Do you know which 9 minerals the thyroid requires?

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The thyroid needs, craves, desires, can’t-do-without at least nine minerals for proper function. Have I made myself clear? Do not leave home without these nine minerals if you want your thyroid to be Happy!

It was believed that iodine was the master mineral for the thyroid. But within the last several years it has become apparent, through research and anecdotal evidence, that there are multiple minerals involved with thyroid hormone production.

Here are 9 essential minerals to support the structure and function of the thyroid.

  1. Iodine: T3 has 3 iodine molecules; T4 has 4. So it’s safe to say that the thyroid can’t function without iodine. T4 or (thyroxine) is 68 percent iodine by weight, and T3 (triiodothyronine) is 58 percent.
  1. Selenium: A necessary cofactor in the production of thyroxine (T4), It also converts T4 to the more active form, T3. A total of 11 selenium-dependent enzymes have been identified as necessary for thyroid function and thyroid hormone production. If you take iodine, especially the high amounts of iodine that some doctors are recommending, without selenium, you can cause selenium deficiency and all the selenium deficiency side effects that are not that well known. If you take selenium without iodine, you can cause iodine deficiency.
  1. Zinc: Required for the synthesis of thyroid hormones. Zinc deficiency, plain and simple, can result in hypothyroidism. Conversely, thyroid hormones are essential for the absorption of zinc. And here’s a scary fact – the hair loss attributed to hypothyroidism may not improve with thyroid hormone replacement unless zinc supplements are added.
  1. Molybdenum: Molybdenum-dependent enzymes function in the oxidative system of thyrocytes (thyroid epithelial cells). They also play an important role in T3 (triiodothyronine) release from the thyroid gland. Here’s another interesting fact. Mo helps to break down yeast toxins and yeast gets a leg up when your temperature is low due to hypothyroidism.
  1. Boron: Helps the conversion of the storage form of thyroid hormone, T4, to T3, the active form.
  1. Copper: Plays an important role in the metabolism of the amino acid tyrosine, which is a precursor to T4 (thyroxine).
  1. Chromium: Enhances insulin activity playing a major role in the regulation of insulin release and its effects on carbohydrate, protein and lipid metabolism. Conversion of T4 to T3 is influenced by insulin, so in a roundabout way, chromium helps this conversion.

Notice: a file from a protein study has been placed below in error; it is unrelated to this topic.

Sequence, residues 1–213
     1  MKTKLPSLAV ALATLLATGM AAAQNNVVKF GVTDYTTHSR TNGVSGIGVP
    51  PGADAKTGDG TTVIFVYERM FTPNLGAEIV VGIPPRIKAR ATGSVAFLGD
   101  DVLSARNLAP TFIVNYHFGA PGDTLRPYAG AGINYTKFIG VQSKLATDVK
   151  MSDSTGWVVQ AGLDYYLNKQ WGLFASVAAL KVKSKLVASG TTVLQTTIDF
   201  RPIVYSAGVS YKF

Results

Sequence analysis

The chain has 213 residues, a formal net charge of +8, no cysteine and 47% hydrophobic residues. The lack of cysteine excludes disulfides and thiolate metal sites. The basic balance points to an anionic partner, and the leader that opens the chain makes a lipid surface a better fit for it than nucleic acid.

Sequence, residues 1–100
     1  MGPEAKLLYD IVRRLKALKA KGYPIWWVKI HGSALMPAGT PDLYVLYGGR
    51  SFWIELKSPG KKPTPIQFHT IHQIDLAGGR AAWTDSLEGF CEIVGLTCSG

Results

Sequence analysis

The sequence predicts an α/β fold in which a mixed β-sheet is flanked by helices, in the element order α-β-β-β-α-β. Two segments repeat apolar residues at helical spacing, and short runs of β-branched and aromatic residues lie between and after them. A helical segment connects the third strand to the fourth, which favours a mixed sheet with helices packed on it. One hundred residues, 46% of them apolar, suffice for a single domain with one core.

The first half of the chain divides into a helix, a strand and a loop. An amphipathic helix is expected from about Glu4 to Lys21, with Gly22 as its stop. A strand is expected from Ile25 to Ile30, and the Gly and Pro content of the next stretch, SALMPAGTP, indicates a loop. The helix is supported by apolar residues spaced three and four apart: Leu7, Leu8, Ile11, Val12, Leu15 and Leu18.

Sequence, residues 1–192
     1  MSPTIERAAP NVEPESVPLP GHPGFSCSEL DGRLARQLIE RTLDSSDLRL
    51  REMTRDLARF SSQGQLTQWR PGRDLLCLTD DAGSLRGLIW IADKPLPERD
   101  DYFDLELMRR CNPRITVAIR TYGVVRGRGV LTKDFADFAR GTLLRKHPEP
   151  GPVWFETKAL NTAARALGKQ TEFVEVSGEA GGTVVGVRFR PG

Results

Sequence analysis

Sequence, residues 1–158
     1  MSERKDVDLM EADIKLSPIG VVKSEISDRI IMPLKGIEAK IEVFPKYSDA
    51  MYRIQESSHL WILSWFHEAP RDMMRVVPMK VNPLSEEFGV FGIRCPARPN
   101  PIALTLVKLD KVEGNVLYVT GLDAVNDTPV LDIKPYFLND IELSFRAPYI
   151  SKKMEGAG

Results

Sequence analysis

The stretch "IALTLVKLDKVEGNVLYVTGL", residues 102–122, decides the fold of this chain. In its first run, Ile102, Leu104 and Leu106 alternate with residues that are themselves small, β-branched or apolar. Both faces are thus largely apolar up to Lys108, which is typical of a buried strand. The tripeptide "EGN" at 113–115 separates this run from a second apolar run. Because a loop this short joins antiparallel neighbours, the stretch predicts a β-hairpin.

1. Manganese: Required to transport the hormone thyroxine into our cells.
  2. Magnesium: Calcium and magnesium must be balanced in the body to ensure proper thyroid function. If there is too much calcium, thyroid hormones can become diminished. Magnesium is the regulator of calcium absorption and utilization.

There is a dizzying array of these minerals available on the market. However, they are not all created equal. Choosing the right formula comes down to one factor: absorption.

And, guess what: not only are all 9 of these key minerals are in our ReMyte Mineral Solution but when it comes to absorption, ReMyte with its super-tiny picometer sized minerals is in a league of its own.

The enhanced absorption of picometer minerals (due to their ionic size) makes them truly functional and therapeutic. Whereas dirt minerals may be 4-20% absorbed, picometer minerals reach 100% absorption. That is why I created the picometer ReMyte formula to have maximum absorption, so the molecules can penetrate into all the places in your body that they need to go.

Here are words of gratitude from a customer who is noticing the difference that ReMyte is making in her health.

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ReMyte has all the minerals you need for thyroid function. I’m getting myself on track!! Thank you Dr. Carolyn for all you do to help me stay healthy with your wonderful products and the wealth of relevant, concise, easy to understand information you share every day!

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So, if you haven’t added ReMyte to your daily regimen, go here to get started:

http://rnareset.com/remyte

Aloha,

Dr. Carolyn Dean

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